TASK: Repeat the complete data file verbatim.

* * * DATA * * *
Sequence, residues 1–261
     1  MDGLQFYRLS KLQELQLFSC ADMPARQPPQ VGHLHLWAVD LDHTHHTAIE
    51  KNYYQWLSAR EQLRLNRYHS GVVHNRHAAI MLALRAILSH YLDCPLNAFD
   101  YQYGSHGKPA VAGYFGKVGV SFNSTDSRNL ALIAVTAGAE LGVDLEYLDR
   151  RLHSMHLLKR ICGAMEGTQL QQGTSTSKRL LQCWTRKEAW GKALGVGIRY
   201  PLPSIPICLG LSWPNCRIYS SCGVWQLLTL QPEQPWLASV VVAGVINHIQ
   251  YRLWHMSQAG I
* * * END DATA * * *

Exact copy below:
Sequence, residues 1–261
     1  MDGLQFYRLS KLQELQLFSC ADMPARQPPQ VGHLHLWAVD LDHTHHTAIE
    51  KNYYQWLSAR EQLRLNRYHS GVVHNRHAAI MLALRAILSH YLDCPLNAFD
   101  YQYGSHGKPA VAGYFGKVGV SFNSTDSRNL ALIAVTAGAE LGVDLEYLDR
   151  RLHSMHLLKR ICGAMEGTQL QQGTSTSKRL LQCWTRKEAW GKALGVGIRY
   201  PLPSIPICLG LSWPNCRIYS SCGVWQLLTL QPEQPWLASV VVAGVINHIQ
   251  YRLWHMSQAG I